3) Kooks--was on a beautiful stream and had a guy show up in camp. he got naked and went for a swim right in front of our trailer. Long hair, fat and driving a van with oregon plates. Surprisingly, we got in a confrontation and a long story short he threatened me--I drew a line in the sand (don't know if it was 21' or not) but I had my weapon out of it's holster. He left after threatening that he'd be back that night to "burn our sorry asses to the ground". I followed him to make sure he left the area and when I got back the wife had everything picked up, packed up and ready to leave. I wasn't ready to leave but couldn't think of anything to allay her fears over some kook that just told us he was coming back to burn our sorry asses to the ground. Still haven't thought of anything to say to her in that situation and that was 2 years ago.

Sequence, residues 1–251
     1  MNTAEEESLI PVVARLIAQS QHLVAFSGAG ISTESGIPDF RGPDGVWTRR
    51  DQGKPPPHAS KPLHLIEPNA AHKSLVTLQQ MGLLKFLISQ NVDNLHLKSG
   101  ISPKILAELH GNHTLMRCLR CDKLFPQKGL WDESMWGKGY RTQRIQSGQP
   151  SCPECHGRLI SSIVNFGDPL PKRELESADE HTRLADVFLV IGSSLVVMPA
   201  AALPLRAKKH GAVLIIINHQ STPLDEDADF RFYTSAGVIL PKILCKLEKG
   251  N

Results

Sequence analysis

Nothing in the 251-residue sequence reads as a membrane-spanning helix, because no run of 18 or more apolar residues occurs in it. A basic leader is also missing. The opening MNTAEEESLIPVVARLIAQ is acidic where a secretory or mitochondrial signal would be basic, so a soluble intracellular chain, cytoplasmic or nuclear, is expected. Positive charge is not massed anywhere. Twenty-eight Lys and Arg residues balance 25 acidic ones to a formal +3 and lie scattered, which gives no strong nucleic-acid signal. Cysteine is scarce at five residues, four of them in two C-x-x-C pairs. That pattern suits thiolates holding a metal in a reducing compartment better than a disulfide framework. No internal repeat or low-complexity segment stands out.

T.P. = Tree Parts (leaves, preferably)
Fell into the Hoh years ago in mid winter and amost died. Ended up getting pulled out by two gear fisheman who chased me for a long ways and pulled me out of a log jam as I was losing my hold and slipping under. Even with all my training and being in great shape back then, the cold, the river and the length of exposure destroyed me. Never was as aggessive, risk taking or confident in the wading department again. Not even close. Very humbling experience and showed me real fear for the first time in flyfishing. Duff
2nd would be Mumbles walking around naked. He has taken away some of our "innocence" with his RACY avatar.
I knew this thread was going to be great as soon as I saw the title -- thanks for the laughs, gents!
My biggest fear is that I will get old enough that I can no longer survive the overly aggressive approach I take in wading/climbing/swimming the rivers I love to fish... before I get wise enough to realize that I've gotten too old for it.